In his 22 years as public relations director of the Labor Department, John W. Leslie built a solid reputation as a thoroughgoing, dispassionate professional who did well by Republicans and Democrats alike.
Therefore, it was no surprise when the National Association of Government Communicators named Leslie the recipient of its 1981 Communicator of the Year Award.
The surprise came late last week when the normally reticent Leslie, 57, used his acceptance speech to blast the Reagan administration in general and Labor Secretary Raymond Donovan in particular.
The communicators group "told me I could say anything I wanted," Leslie, who now is employed by The Kamber Group, a Washington-based labor lobby, said later. "So I told them what a lot of my former career government colleagues have been telling me, and what I have been feeling, myself."
After serving 32 years in the Labor Department, 10 of them before becoming public information director, and working for 12 successive secretaries of Labor in that position, Leslie said he left under the Reagan administration because "in the six months that I served . . . during this administration, no one asked me what I did, what my office did, who we served, why we existed, or what would happen if we disappeared."
Leslie said, "I sat for six months and watched a department in which I had worked most of my adult life systematically dismantled. I watched programs to serve and protect working people, which I had helped develop and promote, be slowly strangled or gutted." He said he began "to understand . . . how those of sensitivity and understanding must have felt when the barbarians sacked Rome.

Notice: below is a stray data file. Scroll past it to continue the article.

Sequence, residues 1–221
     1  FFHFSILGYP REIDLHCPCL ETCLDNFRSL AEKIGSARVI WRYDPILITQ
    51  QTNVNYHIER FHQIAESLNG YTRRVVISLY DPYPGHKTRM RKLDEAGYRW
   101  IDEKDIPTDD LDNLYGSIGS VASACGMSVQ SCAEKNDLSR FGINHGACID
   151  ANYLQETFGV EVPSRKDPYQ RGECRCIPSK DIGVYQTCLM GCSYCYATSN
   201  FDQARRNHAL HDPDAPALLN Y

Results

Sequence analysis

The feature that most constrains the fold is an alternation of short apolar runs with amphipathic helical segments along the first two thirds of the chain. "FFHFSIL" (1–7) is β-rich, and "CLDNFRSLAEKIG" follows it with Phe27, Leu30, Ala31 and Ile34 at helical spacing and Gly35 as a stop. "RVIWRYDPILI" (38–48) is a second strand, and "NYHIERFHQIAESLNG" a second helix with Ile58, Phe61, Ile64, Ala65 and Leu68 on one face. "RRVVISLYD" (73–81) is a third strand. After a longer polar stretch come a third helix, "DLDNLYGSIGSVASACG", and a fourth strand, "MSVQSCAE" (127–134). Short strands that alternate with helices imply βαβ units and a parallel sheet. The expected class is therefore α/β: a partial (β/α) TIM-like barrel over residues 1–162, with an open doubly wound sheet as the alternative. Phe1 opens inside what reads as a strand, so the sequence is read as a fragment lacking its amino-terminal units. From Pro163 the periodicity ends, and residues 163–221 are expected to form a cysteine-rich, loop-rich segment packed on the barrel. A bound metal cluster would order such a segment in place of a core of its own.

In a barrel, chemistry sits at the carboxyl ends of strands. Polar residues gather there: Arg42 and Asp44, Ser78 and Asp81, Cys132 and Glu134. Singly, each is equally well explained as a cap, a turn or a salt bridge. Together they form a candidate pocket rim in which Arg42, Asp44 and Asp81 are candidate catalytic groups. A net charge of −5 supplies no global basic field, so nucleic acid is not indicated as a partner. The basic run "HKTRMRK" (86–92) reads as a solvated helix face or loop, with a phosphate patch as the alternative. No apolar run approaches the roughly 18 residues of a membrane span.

"I claim, without qualification, that the efforts today throughout government to cut public information and public affairs activities are based not on a desire to save money, but are a cynical attempt by this administration to cover up efforts to destroy programs and services people want and need."
Leslie's speech has been circulating among some department careerists who agree with his position and who find some solace in the idea that one of their own, so to speak, can criticize the administration publicly without fear of retribution. But Reagan-Donovan loyalists such as Earl Cox, who holds Leslie's old position, understandably are unhappy.
"I regret that Mr. Leslie feels he was mistreated," Cox said last week. "No effort was made to sidestep him. Frankly, I was surprised by his remarks."